Today marks World Diabetes Day 2012, a global initiative to raise awareness of the condition that is fast becoming a modern epidemic.
With nearly three million people with diabetes in the UK, plus an estimated 850,000 who aren’t aware that they have it, it’s important that we raise understanding of a health issue that, in the case of type 2 diabetes, can often be avoided.
This year, World Diabetes Day is concerned with diabetes education and prevention, with special events taking place around the world to inform people about diabetes, as well as to support the 336 million people* who have it worldwide.
It’s estimated that a further 700,000 people in the UK will have diabetes by 2020**, so it’s clear that something has to be done to prevent this from happening. In a bid to support World Diabetes Day, here is the munch guide to Type 1 and Type 2 diabetes.
What is it?
Type 1 diabetes, which accounts for between 5 and 15% of people with diabetes, is most commonly diagnosed in children and adults under 40. This develops when the body is no longer able to produce insulin, which is needed to transport the glucose from our food into the cells for energy. As a result, high levels of glucose are left in the blood and sufferers have a quick onset of symptoms including weight loss, increased thirst and urination, plus blurred vision.
People with Type 1 diabetes need to monitor their blood glucose levels frequently and inject insulin daily. They also need to maintain a healthy lifestyle through a balanced diet and regular exercise. Type 1 diabetes can’t be reversed.
Type 2 diabetes is the most common type, affecting around 85% of diabetics. This is largely lifestyle related and can be prevented, or even reversed. Type 2 diabetics still produce insulin; however this is either not enough or doesn’t work properly. As a result the blood glucose levels keep rising, putting the kidneys under pressure as they produce more urine in a bid to get rid of the excess glucose.
The symptoms of type 2 diabetes are similar to those of type 1 diabetes; however they can develop over a number of years, or may not be noticeable at all. Type 2 diabetics may be put on medication to help manage their insulin and blood glucose levels, but this is largely controlled through diet and exercise.
What are the symptoms?
These are the most recognisable symptoms of diabetes, however not everyone with the condition has all, if any of these. If you or someone you know has any of these symptoms, make an appointment with your GP as soon as possible.
- passing urine more often than usual, especially at night
- increased thirst
- extreme tiredness
- unexplained weight loss
- genital itching or regular episodes of thrush
- slow healing of cuts and wounds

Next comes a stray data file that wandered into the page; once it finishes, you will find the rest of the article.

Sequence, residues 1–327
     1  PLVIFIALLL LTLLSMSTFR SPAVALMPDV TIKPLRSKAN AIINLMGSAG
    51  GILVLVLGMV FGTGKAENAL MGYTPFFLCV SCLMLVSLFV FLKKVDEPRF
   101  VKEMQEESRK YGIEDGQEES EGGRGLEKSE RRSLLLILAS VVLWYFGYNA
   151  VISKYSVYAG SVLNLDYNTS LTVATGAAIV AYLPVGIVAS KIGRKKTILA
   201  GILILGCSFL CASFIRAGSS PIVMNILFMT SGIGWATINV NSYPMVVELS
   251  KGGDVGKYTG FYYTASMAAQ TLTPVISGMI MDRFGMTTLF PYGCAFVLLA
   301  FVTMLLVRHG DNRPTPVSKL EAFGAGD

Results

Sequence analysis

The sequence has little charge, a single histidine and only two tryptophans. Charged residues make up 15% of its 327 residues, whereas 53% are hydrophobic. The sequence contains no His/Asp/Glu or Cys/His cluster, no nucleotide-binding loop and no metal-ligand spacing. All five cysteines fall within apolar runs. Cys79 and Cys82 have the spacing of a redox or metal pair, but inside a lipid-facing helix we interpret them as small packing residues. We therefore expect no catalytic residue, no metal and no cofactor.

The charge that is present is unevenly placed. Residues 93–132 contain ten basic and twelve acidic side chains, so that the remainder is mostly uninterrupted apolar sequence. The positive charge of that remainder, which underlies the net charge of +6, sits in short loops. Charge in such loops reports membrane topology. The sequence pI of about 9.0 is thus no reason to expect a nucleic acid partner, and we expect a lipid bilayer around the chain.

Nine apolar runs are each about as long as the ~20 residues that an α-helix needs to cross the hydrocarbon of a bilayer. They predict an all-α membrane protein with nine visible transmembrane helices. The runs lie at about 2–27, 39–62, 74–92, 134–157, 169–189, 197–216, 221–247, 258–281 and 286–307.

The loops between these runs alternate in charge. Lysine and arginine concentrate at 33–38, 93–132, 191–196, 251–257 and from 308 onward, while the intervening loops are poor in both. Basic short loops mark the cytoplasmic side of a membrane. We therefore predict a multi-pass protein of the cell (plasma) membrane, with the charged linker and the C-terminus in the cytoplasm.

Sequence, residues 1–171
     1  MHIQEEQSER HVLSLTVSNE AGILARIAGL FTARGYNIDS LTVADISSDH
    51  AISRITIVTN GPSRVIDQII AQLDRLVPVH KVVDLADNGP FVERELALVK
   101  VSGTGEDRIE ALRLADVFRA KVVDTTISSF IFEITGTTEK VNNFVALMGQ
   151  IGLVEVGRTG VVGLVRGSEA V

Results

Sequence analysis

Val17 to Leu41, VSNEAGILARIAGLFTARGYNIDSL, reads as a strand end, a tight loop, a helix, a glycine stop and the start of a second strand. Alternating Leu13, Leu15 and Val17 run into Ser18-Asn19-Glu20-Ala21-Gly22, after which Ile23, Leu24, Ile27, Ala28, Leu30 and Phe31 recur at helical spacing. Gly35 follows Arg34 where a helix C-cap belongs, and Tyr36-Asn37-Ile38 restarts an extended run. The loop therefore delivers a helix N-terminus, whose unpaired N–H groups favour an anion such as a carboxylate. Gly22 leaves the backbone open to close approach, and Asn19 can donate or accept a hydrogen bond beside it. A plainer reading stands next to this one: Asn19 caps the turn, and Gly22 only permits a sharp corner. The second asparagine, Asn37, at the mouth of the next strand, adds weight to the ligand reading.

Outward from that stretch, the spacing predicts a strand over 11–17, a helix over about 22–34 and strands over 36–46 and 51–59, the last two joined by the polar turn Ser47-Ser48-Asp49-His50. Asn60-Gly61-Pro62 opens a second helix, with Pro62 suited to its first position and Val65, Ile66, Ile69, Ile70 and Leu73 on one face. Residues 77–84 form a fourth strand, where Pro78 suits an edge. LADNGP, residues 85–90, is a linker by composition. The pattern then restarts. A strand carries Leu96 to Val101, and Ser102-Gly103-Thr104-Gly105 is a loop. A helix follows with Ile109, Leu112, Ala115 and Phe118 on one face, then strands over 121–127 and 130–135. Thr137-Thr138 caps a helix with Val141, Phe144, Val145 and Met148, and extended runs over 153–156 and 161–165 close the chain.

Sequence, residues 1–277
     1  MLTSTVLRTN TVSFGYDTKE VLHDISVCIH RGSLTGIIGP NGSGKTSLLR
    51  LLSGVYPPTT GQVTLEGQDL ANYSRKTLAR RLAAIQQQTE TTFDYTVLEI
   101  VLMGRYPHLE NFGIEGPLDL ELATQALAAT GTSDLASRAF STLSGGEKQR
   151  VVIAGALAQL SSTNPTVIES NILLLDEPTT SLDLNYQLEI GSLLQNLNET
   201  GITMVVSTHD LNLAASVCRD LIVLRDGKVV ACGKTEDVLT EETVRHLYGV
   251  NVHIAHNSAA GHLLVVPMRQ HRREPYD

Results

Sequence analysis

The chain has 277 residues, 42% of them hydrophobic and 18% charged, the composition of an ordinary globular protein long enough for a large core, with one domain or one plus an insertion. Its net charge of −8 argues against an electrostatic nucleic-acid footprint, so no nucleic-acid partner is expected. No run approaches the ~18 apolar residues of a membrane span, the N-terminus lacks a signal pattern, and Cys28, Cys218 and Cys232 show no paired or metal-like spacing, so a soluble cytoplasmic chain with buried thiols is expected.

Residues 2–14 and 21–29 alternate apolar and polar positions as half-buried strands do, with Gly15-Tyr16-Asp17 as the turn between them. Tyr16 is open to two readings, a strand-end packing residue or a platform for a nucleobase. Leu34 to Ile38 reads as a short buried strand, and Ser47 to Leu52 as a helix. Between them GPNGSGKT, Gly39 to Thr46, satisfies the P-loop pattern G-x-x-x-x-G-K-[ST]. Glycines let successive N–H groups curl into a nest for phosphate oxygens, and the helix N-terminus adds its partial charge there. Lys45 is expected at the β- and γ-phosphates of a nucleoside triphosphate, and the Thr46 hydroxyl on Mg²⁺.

- blurred vision
Who is at risk?
Type 1 diabetes can affect anyone; however there are a number of risk factors that make people more likely to develop Type 2 diabetes. You can help yourself slash your odds of developing diabetes by following a low GL diet and exercising regularly.
You should ask your GP for a test for diabetes if you:
- are white and over 40 years old
- are black, Asian or from a minority ethnic group and over 25 years old
- have one or more of the following risk factors.
The risk factors
- A close member of your family has Type 2 diabetes (parent or brother or sister).
- You’re overweight or if your waist is 31.5 inches or over for women; 35 inches or over for Asian men and 37 inches or over for white and black men.
- You have high blood pressure or you’ve had a heart attack or a stroke.
- You’re a woman with polycystic ovary syndrome and you are overweight.
- You’ve been told you have impaired glucose tolerance or impaired fasting glycaemia.
- If you’re a woman and you’ve had gestational diabetes.
- You have severe mental health problems.
The more risk factors that apply to you, the greater your risk of having diabetes.
Where to go for support:
If you are diabetic, or know someone who is, Diabetes UK is a great resource for more information and support. The charity is dedicated to raising money for research and campaigning on behalf of the UK’s diabetic community, and providing support to those with diabetes. From handy apps to track your blood glucose levels to exclusive members’ magazines and the latest news, they’re your ultimate resource for all things related to diabetes.
If you have diabetes or believe you’re at risk then munch can also be used as a resource for all things related to a healthy lifestyle including recipes, product reviews and recommendations plus top health tips.
*Source: International Diabetes Federation **Source: Diabetes UK